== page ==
They quickly grasp what they’re meant to do. I tell them to keep the Maltesers out of sight, under the desk, and to not let anyone else read the instructions. For the first series of experiments, every “rat” will be a sample in Experiment 1 – the “rats” simply have to do is press the button and light up the bulb – if they manage this, they get a Malteser….

I go back next door. Have they guessed the animal yet? Mice! Woodlice! Guinea pigs! Rabbits! No, it’s a much simpler animal. Very basic instincts. Very readily available in a school setting. At this precise moment you are never more than, oooh, 50cm from one…. Oh, is it us? Bingo!

I tell them that they will play the part of experimental rats. That I’m going to take them one by one into my other laboratory and observe their behaviour for 15 seconds. That’s all. They’ve seen how hamsters behave in a strange setting – just pretend you’re a hamster. And I will be filming it all on the department i-pad.

And we’re off. Olivia, the first “rat” in, provides a textbook example.  She snuffles around inquisitively and, with seeming inevitability, presses a button. Flora (one of the Skinner Box operatives) dutifully delivers a Malteser. Olivia giggles with surprise and delight and immediately presses the button again. Voila! Another Malteser is provided. I quickly stop her because I don’t want the Maltesers to run out – she’s got the idea, she’s learned the association.

Experimental rats get to watch the other rats being tested – it’s partly the logistical difficulties of having yet another holding area, but mainly because I want them to see and enjoy what’s going on.

At this point, something rather surprising happens. The next 5 girls do nothing – literally, nothing. They stand there, all self-conscious and slightly giggly, some not even looking around, but absolutely refusing to risk doing anything in case it’s wrong. “What am I supposed to do?” some of them mouth at the other girls, but they are under strict instructions not to give any clues, and after 15 seconds I put them out of their misery (i.e. I stop the experiment – I don’t put them down humanely!).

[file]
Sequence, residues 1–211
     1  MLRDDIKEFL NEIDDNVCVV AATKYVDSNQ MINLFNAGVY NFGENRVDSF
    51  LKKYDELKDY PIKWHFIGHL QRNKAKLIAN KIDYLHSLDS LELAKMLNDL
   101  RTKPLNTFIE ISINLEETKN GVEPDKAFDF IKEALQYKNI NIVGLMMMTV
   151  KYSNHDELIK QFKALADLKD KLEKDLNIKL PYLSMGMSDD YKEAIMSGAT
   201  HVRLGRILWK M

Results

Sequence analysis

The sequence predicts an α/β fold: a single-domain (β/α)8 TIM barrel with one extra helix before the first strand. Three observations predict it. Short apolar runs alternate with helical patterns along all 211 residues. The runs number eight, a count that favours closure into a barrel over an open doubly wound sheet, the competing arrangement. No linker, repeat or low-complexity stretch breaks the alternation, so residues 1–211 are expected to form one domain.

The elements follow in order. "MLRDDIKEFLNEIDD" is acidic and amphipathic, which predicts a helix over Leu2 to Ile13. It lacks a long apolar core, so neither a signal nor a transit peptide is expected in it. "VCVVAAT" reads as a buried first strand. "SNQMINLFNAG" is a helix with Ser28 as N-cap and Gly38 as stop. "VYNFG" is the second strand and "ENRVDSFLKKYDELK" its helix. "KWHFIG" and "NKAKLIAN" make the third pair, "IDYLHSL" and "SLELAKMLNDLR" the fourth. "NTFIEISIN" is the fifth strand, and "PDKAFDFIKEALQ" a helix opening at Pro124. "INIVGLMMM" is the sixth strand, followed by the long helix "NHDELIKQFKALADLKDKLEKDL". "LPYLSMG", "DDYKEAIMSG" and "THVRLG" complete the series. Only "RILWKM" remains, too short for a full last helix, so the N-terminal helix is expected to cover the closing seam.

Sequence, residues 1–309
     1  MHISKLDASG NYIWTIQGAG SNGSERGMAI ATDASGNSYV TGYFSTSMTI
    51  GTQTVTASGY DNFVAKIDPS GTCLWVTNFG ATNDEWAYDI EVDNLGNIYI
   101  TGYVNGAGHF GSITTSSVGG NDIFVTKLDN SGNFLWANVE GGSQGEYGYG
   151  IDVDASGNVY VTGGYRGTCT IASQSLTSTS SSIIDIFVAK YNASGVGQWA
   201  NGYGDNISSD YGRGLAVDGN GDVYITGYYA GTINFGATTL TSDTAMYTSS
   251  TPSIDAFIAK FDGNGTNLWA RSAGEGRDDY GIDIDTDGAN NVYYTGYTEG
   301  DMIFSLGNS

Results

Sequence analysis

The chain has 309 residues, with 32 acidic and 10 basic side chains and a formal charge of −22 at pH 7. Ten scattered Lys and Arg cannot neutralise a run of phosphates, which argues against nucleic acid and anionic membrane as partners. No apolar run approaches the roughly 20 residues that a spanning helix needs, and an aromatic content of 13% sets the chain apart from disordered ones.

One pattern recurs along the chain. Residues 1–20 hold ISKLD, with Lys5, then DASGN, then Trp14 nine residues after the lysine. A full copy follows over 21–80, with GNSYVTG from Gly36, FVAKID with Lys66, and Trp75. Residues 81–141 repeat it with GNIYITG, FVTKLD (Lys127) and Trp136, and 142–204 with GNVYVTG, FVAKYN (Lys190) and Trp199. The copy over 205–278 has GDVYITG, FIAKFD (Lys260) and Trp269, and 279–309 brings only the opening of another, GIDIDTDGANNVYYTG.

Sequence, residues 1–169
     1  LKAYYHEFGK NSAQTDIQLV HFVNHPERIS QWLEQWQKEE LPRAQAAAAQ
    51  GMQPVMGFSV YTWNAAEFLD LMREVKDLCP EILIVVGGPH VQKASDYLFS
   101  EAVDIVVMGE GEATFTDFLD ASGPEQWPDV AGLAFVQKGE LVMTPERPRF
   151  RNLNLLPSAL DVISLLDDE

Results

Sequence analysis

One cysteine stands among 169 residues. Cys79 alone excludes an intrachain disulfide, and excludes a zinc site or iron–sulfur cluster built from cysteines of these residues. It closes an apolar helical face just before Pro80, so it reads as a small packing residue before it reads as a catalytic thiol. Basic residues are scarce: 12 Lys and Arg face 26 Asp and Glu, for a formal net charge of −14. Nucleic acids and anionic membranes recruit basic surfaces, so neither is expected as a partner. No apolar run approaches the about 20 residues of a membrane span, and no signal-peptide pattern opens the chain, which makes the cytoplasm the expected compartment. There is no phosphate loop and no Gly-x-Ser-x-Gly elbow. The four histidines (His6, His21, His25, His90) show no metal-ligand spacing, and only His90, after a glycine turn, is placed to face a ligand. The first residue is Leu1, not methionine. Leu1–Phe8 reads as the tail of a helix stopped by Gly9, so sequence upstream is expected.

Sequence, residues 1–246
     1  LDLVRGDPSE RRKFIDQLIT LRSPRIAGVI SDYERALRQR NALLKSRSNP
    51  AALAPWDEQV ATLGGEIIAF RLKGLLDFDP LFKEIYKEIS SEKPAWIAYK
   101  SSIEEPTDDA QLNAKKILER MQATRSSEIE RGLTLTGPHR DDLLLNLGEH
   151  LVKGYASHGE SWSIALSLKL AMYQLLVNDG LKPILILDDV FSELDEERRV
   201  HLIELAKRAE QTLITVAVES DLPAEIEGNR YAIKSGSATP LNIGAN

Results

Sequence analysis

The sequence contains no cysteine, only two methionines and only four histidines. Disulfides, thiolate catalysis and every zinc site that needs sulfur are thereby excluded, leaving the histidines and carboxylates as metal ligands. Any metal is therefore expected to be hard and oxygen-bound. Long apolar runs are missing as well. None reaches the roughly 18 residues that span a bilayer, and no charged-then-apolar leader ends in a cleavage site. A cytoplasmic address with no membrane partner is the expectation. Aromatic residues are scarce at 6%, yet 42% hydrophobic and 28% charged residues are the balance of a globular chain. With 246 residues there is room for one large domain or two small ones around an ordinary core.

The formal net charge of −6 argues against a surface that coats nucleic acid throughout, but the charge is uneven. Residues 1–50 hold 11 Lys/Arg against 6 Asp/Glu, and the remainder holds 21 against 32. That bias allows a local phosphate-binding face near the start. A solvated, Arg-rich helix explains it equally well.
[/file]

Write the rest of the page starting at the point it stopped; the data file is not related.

Sofia, rat number 7, behaves just like Olivia (hurrah!) and then, joy of joy, in steps Maria who just decides that she will spend her 15 seconds spinning like a whirling dervish, her long blonde pony tail whirling behind her. “I’m dizzy….” she gurgles delightedly as she staggers out of the test area. By now, of course, every girl in the room now realises that they should have done and while feeling rather foolish and frustrated, they’re also enjoying seeing others miss the point.

By the end, only 5 out of 20 girls were sufficiently curious and lacking in anxiety to win some Maltesers. The rest just didn’t want to risk doing anything in case it turned out to be wrong, whatever that might mean. Where does this fear come from? Our education system? Our nationality? Can we blame Michael Gove? Whatever the reason, it makes for a good life lesson. Take a chance! Just do it! What’s the worst thing that can happen? You might win a Malteser!

Of course, having now all seen the kind of thing that’s going on, they’re all suitably prepped for the second round of experiments. This time I let everyone watch, because all the experiments are different. And now they are wonderfully imaginative and creative in their quest to get the right behaviour pattern. I particularly like the girl who just stands in the middle of the box and says, very quietly and politely, “Please can I have a Malteser?” Some girls find they are being prodded by a ruler – which continues until they press the button. And so on.

It makes for terrific discussion. How is this different to the maggot behaviour? Which is better for learning, reward or punishment? Should you revise with chocolate or electric shocks? And where are the real life examples of this kind of learning? This last takes them a while, but they eventually come up with learning what stinging nettles look like (could be a good comparison to start the exercise – demo lots of different leaves – which ones do they know), and the warning colours of bees and wasps.

Learning about Learning by doing – the only type there is.

And that’s nearly yer lot for this year. I’ll post one more burble next Wednesday, and then it’s the summer holidays. I, for one, can’t wait.